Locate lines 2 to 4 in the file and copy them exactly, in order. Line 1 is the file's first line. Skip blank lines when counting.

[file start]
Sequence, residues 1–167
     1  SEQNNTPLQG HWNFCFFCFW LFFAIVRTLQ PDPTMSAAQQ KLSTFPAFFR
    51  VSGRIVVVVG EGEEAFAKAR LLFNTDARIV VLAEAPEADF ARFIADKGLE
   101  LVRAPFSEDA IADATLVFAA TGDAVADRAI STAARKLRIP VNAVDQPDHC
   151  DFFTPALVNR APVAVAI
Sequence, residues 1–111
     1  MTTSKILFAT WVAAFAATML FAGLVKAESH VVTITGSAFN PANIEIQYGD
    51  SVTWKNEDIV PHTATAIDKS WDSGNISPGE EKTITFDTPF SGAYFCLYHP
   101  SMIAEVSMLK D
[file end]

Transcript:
     1  SEQNNTPLQG HWNFCFFCFW LFFAIVRTLQ PDPTMSAAQQ KLSTFPAFFR
    51  VSGRIVVVVG EGEEAFAKAR LLFNTDARIV VLAEAPEADF ARFIADKGLE
   101  LVRAPFSEDA IADATLVFAA TGDAVADRAI STAARKLRIP VNAVDQPDHC